How do 'tactics' work in proof assistants?
I suspect this answer will be a bit of a ramble.
First, it isn't enough to ask "how tactics work in proof assistants" because they work differently in different proof assistants. There's two main classes of assistant used today: those derived from the original LCF, like Isabelle, HOL and HOL light, and type theory based proof assistants like Coq and Matita. In these two different classes of proof assistant the tactics work in different ways, a reflection that what's going on under the bonnet in e.g. Isabelle is quite different to what's going on under the bonnet in e.g. Matita.
Ask yourself: what's going on when we attempt to prove a proposition P in Matita? We introduce a metavariable X with type P. We then play a game, so to speak, where we refine X, adding more and more structure to the incomplete term, until we get a complete lambda-term (i.e. containing no more metavariables). Once we are in possession of a complete lambda-term, we type check it with respect to P, making sure it inhabits the required type. We then see that in Coq and Matita, a tactic is merely a function from incomplete proof terms to incomplete proof terms, which hopefully adds a bit of structure to the term after application (this observation has motivated quite a bit of recent work by e.g. Jojgov, Pientka, and others).
For instance, the Matita tactic "intro" introduces a lambda-abstraction over the existing term, "cases" introduces a match expression in the term, and "apply" introduces an application of one term to the other. These basic tactics can be strung together, using higher-order functions, to create more complex ones. The basic idea is always the same though: a tactic is always aiming to add a bit of structure to an incomplete proof term.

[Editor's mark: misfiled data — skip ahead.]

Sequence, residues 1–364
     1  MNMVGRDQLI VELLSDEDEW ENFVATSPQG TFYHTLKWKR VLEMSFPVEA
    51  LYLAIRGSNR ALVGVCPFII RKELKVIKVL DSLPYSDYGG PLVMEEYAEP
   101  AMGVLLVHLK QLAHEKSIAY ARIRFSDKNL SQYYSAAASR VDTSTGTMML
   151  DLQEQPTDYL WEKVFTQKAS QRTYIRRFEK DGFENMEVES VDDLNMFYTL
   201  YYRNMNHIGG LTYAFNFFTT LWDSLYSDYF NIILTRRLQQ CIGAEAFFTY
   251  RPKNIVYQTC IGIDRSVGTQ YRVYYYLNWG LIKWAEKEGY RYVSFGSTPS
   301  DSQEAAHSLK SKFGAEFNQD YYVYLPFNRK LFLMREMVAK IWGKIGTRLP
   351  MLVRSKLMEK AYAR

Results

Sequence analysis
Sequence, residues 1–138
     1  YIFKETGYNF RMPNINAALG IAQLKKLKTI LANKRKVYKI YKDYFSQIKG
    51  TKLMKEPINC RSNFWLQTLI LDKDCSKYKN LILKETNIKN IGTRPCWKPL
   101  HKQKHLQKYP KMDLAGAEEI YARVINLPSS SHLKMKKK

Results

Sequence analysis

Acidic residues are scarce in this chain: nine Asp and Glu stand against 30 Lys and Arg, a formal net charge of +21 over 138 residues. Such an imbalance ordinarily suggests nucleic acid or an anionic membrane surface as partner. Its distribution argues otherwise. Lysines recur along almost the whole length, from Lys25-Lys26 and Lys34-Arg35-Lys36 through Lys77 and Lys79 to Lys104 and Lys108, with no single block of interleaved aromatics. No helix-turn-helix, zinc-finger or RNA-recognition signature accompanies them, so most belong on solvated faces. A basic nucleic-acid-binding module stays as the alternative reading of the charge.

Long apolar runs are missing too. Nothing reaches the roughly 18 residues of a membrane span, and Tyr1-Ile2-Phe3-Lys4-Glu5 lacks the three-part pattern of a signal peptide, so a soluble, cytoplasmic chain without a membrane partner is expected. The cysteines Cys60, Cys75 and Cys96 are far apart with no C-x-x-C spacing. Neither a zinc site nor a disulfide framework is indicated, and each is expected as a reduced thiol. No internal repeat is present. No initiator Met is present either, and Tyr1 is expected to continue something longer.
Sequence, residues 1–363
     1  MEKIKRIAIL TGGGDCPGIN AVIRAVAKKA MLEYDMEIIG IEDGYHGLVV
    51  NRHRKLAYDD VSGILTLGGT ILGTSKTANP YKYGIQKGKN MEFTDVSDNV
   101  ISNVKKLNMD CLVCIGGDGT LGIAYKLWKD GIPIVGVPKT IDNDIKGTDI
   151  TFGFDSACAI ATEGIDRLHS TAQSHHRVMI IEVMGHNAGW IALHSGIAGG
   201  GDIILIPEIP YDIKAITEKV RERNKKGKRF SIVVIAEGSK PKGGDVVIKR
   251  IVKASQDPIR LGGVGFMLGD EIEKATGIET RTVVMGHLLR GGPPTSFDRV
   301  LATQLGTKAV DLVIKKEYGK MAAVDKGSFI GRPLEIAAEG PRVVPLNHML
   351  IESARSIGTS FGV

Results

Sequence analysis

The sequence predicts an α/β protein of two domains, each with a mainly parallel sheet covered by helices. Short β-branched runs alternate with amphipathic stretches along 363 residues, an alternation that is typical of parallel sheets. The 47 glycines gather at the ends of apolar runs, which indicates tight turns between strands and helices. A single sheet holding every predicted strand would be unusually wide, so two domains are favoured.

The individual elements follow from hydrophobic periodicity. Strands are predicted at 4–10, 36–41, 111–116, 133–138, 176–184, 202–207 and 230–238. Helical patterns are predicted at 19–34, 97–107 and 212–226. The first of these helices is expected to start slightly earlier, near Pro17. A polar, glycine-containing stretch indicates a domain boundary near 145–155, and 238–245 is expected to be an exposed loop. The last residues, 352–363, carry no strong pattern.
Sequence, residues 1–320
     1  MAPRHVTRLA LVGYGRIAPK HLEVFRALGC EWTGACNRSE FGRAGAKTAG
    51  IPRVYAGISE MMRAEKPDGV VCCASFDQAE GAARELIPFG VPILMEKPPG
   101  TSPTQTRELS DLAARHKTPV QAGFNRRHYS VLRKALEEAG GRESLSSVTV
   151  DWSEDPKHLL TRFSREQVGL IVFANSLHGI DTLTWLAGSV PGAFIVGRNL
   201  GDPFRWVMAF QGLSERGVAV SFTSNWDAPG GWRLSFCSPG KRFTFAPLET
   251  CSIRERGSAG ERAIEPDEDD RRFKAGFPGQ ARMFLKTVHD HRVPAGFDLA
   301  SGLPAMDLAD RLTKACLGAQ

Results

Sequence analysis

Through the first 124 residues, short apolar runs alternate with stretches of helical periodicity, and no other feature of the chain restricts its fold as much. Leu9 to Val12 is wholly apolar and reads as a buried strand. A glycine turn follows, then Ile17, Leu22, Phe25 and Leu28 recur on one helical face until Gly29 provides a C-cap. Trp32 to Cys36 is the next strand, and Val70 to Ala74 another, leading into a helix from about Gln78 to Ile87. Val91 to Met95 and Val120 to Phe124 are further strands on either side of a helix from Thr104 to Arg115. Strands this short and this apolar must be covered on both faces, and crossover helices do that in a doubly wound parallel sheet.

Note that, implementers aim to give back a term that typechecks again after every tactic application. Strictly speaking, there's no requirement for them to do so, as all that matters for type theory based proof assistants is that, when the user comes to Qed the proof, we are in possession of a proof term that inhabits the proposition P. How we arrived at this proof term is largely irrelevant. However, both Coq and Matita aim to give the user back a (possibly incomplete) proof term that typechecks after every tactic application. Yet this invariant can (and often does) fail, especially in regard to the two syntactic checks that CIC based proof assistants must implement.
In particular, we can carry out what appears to be a valid proof, applying a series of tactics until there are no open goals left. We then come to Qed the supposed proof, only to discover that Matita's termination checker, or its strict positivity checker, complains, as the proof term that was generated by the tactics has invalidated one of these syntactic checks (i.e. a metavariable in argument position to a recursive call was instantiated with a term that is not syntactically smaller than the original argument). This is a reflection that the CIC type theory is, in some sense, not "strong enough", and does not reflect the positivity or size syntactic requirements in its types (an observation that motivates Abel's sized types, and some recent work on positivity types).
On the other hand, LCF-style proof assistants are quite different. Here, the kernel consists of a module (usually implemented in a variant of ML), containing an abstract type "thm", and functions that implement the inference rules of the proof assistant's logic, mapping "thm" to "thm", and so forth. We rely on the typing discipline of ML to ensure that the only way of constructing a value of type "thm" is via these inference rules (basic tactics). Isabelle's kernel is here.
Proofs then consist of a series of applications of these basic tactics (or more complex, larger tactics, which are again made by stringing together simpler tactics using higher-order functions --- in Isabelle, the higher-order functions, called tacticals, can be seen here). Unlike type theory based proof assistants, there is no need in an LCF-style assistant to keep an explicit proof term witness lying around. Correctness of the proof is guaranteed by construction, and our trust in ML's typing discipline (many assistants, e.g. Isabelle, do, however, generate proof terms for their proofs).